My littlest human pumped the pedals on her trike as fast as she could, practically throwing her front wheel into a tree root, and launching herself onto the gardenias. She was too scared to make any decisions that actually made sense, and her flailing and crying had given the Slow Crawler enough time to catch up. Its bruised and decayed claw reached for her ankle and caught her shoe.
Ella screamed again as she tried to shake her leg free. “Help!”
Greg used his much longer human legs to dart to her aid. He yanked her into the air, not bothering to get her shoe back from the offending pickle man, and he rushed back inside.
But because humans aren’t very good at prioritizing, he made the brilliant decision to set her down and make sure she was okay before slamming the door shut. By the time he realized he hadn’t fixed the situation at all, a zombie had already made it through the doorway.
“Hide, Ella!” My biggest human yelled. His eyes darted around the room, trying to find some weapon to fight off the creature. He was shaking, his pupils dilated, and his mind so panicked, he didn’t see what was right in front of his face. The little human started sobbing. I just heaved a sigh.
I was perched atop the highest shelf, using the higher ground, as everyone should be in a combat situation. Not that I expect humans to understand the first thing about combat. From there, I gave my ceramic flower pot full of cat grass a good hard kick and knocked it over the edge of the shelf. I took an elongated stretch while the pot of grass spiraled down onto the Slow Crawler below me. Its stupid head got smashed like a bug, though not without shattering the pot and ruining all of my cat grass.
The things I do for Furrtastic Feast. Err… I mean the things I do for my humans. Yeah. That.
The grotesque thing stopped moving. From its one hand to its non-existent toes, it was completely still, no longer messing up the welcome mat or getting goo on my slippy, slidey hardwood floor.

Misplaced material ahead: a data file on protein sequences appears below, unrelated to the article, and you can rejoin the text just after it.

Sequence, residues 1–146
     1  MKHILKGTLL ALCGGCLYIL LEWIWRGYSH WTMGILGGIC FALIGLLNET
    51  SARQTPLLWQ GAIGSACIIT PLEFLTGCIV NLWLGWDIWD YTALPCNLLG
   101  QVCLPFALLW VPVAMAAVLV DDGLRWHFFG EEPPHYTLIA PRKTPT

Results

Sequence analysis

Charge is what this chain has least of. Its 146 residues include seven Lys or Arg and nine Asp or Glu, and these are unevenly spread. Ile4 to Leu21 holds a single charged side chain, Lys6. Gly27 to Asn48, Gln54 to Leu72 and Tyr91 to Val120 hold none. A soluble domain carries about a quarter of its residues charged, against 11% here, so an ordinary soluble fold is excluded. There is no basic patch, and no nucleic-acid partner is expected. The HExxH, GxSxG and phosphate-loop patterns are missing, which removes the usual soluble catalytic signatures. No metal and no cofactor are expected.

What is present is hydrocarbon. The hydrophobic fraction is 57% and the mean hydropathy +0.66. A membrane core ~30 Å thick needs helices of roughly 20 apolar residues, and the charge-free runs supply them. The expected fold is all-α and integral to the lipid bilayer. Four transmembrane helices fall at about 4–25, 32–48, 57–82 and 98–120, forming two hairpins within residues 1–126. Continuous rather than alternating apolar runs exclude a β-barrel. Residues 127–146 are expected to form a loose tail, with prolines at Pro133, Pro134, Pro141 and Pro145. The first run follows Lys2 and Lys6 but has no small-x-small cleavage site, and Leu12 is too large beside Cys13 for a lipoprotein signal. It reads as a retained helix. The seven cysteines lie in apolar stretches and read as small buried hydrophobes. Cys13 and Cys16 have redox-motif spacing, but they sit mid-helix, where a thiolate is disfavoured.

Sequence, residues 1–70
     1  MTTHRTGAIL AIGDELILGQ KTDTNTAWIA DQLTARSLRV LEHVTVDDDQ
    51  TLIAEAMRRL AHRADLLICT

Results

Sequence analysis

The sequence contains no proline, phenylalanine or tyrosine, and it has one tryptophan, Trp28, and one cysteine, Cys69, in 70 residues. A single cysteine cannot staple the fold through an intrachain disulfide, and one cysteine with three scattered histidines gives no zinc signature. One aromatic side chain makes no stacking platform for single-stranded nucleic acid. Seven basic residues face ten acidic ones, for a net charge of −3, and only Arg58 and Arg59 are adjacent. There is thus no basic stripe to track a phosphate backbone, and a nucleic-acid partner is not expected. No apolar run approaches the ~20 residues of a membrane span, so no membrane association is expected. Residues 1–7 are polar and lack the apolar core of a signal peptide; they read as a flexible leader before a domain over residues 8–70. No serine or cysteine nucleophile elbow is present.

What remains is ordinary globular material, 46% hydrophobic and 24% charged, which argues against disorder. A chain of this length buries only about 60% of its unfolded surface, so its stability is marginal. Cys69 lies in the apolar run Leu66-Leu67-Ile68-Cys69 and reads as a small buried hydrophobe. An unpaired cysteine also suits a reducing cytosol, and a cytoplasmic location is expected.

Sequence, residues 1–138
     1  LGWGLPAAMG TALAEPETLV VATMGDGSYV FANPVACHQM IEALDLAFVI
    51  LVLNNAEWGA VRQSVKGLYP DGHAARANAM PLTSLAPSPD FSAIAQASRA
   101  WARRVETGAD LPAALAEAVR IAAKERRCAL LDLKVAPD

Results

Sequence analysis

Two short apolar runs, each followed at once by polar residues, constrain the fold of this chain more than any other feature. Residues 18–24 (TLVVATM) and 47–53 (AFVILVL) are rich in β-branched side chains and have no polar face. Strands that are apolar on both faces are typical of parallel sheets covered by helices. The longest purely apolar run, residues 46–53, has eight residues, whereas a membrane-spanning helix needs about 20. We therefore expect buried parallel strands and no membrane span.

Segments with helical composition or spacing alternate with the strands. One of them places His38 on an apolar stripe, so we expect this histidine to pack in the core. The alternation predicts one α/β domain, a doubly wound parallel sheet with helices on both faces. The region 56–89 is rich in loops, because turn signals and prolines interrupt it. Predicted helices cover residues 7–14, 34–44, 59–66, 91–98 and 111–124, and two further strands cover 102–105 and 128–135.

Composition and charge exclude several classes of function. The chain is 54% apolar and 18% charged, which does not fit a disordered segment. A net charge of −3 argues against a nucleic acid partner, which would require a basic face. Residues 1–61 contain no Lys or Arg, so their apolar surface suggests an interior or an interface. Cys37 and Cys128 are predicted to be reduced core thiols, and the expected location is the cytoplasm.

I hopped off my shelf, covering eight feet to the ground and landing on my feet, then I swatted the undead human with my claw to make sure he was just regular dead now.
My humans just watched, as if they expected me to do the cleanup, too. I shook my head and sat by the door, tapping my tail impatiently.
Feel free to close the door at any time, humans. I mewed sarcastically. No rush or anything! It’s not like there’s an army of slow walkers out there waiting to come inside and steal my chicken and liver.
Greg Mimsy finally got the hint. Too stunned to say a word, he used his bat to push the rancid creature back outside, shut the door, locked all the locks, and went to the kitchen in a trance, hopefully to get me some cat treats.
“About time.” I meowed. Though my humans couldn’t understand me. Clearly they couldn’t understand how to survive a zombie apocalypse either. Actually, I was still amazed they had survived regular life long enough to even get to the end of the world. It must be tough to be born without reflexes and cunning. Though it was also tough to not have the thumbs to operate the can opener for my food, so it would be nice if they’d at least try to take care of themselves sometimes. Protecting my food source from their own foolishness had become a full time job.
But what can you do? A cat’s work is never done.